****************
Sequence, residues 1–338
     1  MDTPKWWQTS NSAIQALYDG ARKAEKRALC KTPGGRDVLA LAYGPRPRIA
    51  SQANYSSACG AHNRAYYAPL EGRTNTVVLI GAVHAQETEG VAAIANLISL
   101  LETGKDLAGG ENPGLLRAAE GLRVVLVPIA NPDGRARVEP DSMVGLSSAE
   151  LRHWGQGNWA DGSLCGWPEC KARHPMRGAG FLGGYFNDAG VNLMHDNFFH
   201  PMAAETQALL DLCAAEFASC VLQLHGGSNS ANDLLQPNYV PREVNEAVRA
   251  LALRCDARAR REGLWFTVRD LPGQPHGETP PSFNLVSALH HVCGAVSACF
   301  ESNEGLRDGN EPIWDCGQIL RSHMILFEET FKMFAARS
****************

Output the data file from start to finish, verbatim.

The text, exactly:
Sequence, residues 1–338
     1  MDTPKWWQTS NSAIQALYDG ARKAEKRALC KTPGGRDVLA LAYGPRPRIA
    51  SQANYSSACG AHNRAYYAPL EGRTNTVVLI GAVHAQETEG VAAIANLISL
   101  LETGKDLAGG ENPGLLRAAE GLRVVLVPIA NPDGRARVEP DSMVGLSSAE
   151  LRHWGQGNWA DGSLCGWPEC KARHPMRGAG FLGGYFNDAG VNLMHDNFFH
   201  PMAAETQALL DLCAAEFASC VLQLHGGSNS ANDLLQPNYV PREVNEAVRA
   251  LALRCDARAR REGLWFTVRD LPGQPHGETP PSFNLVSALH HVCGAVSACF
   301  ESNEGLRDGN EPIWDCGQIL RSHMILFEET FKMFAARS